The BEST and most talented employees are often targeted. Bullying behavior is driven by a lack of competence or a fear this incompetence will be exposed. Uber talented employees trigger this incompetence and unintentionally release the bully’s wrath. All this destructive energy and nonsense is driven by a bully’s distorted and warped ego. For their own health and well-being, people who, despite a bully’s best efforts, maintain their self-respect and self-esteem, yet find no institutional support and recourse to address bullies, leave to work for a successful employer whose values, beliefs, and behaviors align more with their own. It’s unhealthy for targets to stay, but some find it very difficult to break away.
MP: Per se, it is not. However, in many cases, bullying does constitute harassment or discrimination and these actions are illegal and I have seen justice served best when targets file complaints with the Equal Employment Opportunity Commission or the Human Rights Commission. There is a current, national, movement to make workplace bullying illegal. Fire at will laws embolden bullies and bullying organizations. To generate power through fear, I have seen bullies remind new hires in orientation they are employed at will and can be terminated at any time. This undermines trust, the critical ingredient, as mentioned, in high performance cultures.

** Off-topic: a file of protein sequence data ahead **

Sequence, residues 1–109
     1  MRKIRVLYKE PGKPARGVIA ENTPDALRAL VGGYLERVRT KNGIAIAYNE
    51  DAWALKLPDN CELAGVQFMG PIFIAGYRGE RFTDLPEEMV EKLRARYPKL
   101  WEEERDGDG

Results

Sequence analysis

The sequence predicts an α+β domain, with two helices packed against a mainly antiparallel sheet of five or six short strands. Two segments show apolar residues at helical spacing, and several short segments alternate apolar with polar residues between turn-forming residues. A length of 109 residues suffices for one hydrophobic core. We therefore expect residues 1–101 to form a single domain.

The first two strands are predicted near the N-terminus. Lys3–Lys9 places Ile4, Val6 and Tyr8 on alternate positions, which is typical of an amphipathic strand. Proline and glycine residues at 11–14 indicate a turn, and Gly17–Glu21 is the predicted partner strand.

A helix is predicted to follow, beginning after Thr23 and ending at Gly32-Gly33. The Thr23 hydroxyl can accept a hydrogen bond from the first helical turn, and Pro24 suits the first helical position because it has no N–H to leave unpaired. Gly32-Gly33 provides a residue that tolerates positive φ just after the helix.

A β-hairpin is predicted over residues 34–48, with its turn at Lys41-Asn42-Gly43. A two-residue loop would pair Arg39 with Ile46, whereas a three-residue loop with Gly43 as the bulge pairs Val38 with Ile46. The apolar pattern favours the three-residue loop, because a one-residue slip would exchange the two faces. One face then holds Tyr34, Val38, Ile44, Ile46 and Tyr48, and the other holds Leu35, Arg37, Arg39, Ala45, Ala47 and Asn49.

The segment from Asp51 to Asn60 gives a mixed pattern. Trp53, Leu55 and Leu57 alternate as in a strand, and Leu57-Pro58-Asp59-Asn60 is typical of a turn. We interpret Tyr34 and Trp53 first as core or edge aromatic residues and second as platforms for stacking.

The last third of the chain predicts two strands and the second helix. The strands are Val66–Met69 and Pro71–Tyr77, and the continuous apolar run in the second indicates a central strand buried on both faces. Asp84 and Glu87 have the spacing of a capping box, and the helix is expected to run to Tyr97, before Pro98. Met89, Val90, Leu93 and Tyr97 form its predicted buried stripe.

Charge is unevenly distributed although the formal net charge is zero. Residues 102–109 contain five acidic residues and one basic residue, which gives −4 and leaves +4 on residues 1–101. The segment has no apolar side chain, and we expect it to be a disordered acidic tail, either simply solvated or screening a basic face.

MP: Successful leaders tend to be honest, selfless, self-critical and tough. They set high standards and allow their charges to achieve them with support and resources. They go to bat for their workers instead of batting them with insults and criticism, as do bullies. Successful leaders sell, rather than tell. They develop everyone in the organization to a point of competence and confidence, so everyone learns, and is eager, to make the best urgent and important decisions.